South Plaza Island was formed by lava streaming to the surface from the ocean floor. At just 0.05 square miles (0.13 square km), this nearly perfectly flat formation is the smallest islets open to tourists. It’s mate, North Plaza Island, is separated from South Plaza by a narrow channel and it isn’t open at all.

dry landing South Plaza island Galapagos

Our sunbathing sea lion greeting party on South Plaza Island in the Galapagos.

We visited South Plaza Island twice, once during our trip on the M/Y Grace with Quasar Expeditions and again during our trip on the Origin with Ecoventura. Both times we were greeted by sunbathing Galapagos sea lions covering the small, narrow, man-made jetty where dry landings are made. We all clapped to encourage them to move, but no dice so we ended up walking carefully around the creatures in order to reach the trail on this island.

iguana South Plaza Galapagos

This particular version of land iguanas are only found on South Plaza Island and some experts believe they’re a hybrid, the result of a land iguana breeding with a marine iguana.

The first thing we noticed was vibrant sesuvium ground vegetation (aka Galapagos carpet weed) covering much of the South Plaza Island. This plant is bright green in the rainy season but slowly changes color to yellow, orange, red, and even purple in the dry season.

opuntia cactus South Plaza Galapagos

The land iguanas on South Plaza Island love to eat the flowers produced by these Opuntia cacti.

South Plaza Island also has stands of with Opuntia cactus, aka giant prickly pear cactus, which Galapagos land iguanas love to eat. The abundance of food means there’s a large colony of Galapagos land iguanas on the island. Some scientists consider the species, which is only found on South Plaza Island, to be a hybrid because there’s evidence of interbreeding between marine iguanas and land iguanas here.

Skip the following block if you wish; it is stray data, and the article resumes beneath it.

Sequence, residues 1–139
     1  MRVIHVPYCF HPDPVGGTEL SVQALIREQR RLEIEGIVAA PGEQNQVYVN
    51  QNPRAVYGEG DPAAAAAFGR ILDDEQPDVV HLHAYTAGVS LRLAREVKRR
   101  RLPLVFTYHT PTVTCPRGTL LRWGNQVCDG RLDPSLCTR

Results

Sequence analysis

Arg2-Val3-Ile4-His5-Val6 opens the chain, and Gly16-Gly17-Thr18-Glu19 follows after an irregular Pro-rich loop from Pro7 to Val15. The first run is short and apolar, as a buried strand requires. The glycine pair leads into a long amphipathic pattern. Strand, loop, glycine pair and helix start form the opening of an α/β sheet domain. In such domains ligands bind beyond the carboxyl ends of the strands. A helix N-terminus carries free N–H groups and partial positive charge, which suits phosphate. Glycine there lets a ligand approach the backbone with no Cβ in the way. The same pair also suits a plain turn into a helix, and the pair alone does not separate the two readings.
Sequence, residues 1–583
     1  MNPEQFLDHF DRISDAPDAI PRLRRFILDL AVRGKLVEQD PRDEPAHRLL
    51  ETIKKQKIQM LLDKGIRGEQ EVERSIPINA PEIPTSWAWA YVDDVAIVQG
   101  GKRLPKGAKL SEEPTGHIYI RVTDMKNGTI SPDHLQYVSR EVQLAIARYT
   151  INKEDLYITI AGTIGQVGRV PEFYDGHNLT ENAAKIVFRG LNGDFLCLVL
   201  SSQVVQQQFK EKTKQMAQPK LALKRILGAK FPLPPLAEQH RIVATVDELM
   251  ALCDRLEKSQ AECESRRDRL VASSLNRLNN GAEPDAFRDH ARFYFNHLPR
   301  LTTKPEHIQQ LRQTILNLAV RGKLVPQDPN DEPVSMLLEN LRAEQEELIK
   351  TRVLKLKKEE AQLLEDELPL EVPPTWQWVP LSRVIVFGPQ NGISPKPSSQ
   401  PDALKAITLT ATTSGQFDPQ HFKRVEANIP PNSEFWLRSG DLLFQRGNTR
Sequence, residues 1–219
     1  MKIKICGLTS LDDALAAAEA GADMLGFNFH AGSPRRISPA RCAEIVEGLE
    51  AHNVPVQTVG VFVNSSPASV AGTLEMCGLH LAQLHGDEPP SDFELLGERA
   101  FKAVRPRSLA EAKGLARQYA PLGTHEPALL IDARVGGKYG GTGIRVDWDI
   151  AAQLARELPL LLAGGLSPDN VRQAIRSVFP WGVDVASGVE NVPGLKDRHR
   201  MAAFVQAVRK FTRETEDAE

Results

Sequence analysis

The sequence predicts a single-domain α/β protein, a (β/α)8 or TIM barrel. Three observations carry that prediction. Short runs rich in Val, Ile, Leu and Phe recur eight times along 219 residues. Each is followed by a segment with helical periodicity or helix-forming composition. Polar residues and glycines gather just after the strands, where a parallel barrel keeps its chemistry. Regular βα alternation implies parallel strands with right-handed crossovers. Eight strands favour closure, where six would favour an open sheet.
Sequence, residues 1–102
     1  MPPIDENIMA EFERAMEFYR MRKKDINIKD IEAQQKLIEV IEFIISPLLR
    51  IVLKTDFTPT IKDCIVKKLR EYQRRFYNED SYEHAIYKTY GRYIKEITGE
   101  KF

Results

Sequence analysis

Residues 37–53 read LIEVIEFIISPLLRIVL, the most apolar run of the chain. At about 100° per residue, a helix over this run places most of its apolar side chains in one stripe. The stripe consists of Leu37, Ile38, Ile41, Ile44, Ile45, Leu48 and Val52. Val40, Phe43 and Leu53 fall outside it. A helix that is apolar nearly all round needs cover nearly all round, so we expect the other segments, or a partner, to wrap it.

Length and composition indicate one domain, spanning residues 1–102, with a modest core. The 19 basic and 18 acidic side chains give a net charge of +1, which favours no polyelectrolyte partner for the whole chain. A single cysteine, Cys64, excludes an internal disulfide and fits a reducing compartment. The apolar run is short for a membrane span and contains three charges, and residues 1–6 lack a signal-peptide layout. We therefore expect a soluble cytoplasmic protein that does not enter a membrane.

We visited in: May and March

Activities: dry landing and walking along a short flat trail

Animal highlights: We saw cactus finches, medium ground finches, yellow warblers, Galapagos land iguanas (including our first sighting of a juvenile), swallow-tailed gulls, Nazca boobies, red-billed tropicbirds, and Galapagos sea lions.

Part of: the central group of islands

Here are more photos from South Plaza Island.

galapagos fur seal

Sightings of Galapagos fur seals, which are not true seals because their ears are visible, are uncommon but we saw one on South Plaza Island.

blue-footed booby South Plaza island

A blue-footed booby posing for Eric’s camera.

marine iguana South Plaza island

A marine iguana also posing for Eric’s camera on South Plaza Island.

swallow-tailed gull galapagos

Swallow-tailed gulls on South Plaza Island.

red-billed tropicbird

The red-billed tropicbird is a flamboyant sea bird that can be hard to spot and photograph because it’s almost always in motion.

yellow warbler galapagos

A yellow warbler on South Plaza Island in the Galapagos.

color South Plaza island Galapagos

The colorful coastline of South Plaza Island.

Daphne Island, circling a crater

Perhaps the laziest exploration we did in the Galapagos Islands was our boat tour around Daphne Island, during a guided expedition from Pikaia Lodge, north of Santa Cruz Island. Treeless Daphne Major is a tuff crater with a coastline that rises 395 feet (120 meters) from sea level.

Daphne Island Galapagos

Barren and caved in, Daphne Island may look lifeless but it’s an important nesting area for boobies and other sea birds.

Our visit was a slow boat trip around that dramatic coastline, though some tours also include a walk on the island to see palo santo trees, blue-footed boobies, Nazca boobies, Darwin finches, and red-billed tropicbirds.

We visited in: May

Activities: boat tour around the island and some tours include a landing and short hike as well

Animal highlights: We saw blue-footed boobies in flight.

Part of: the central group of islands

See more travel highlights from our visits to North Seymour, South Plaza, and Daphne Islands, including the blue-footed booby mating dance, in our Galapagos travel video below.

More Galapagos travel tips

Use our Galapagos Islands Travel Guide index post to quickly navigate through the entire series, or choose specific posts below.


Here’s more about travel in Ecuador

Here’s more about Island Travel

Here’s more about Galapagos Travel

Here’s more about Adventure Travel


Series Navigation:<< San Cristóbal Island Travel Guide – Galapagos Islands, Ecuador4 Top Santa Cruz Island Boat Trips – Galapagos Islands, Ecuador >>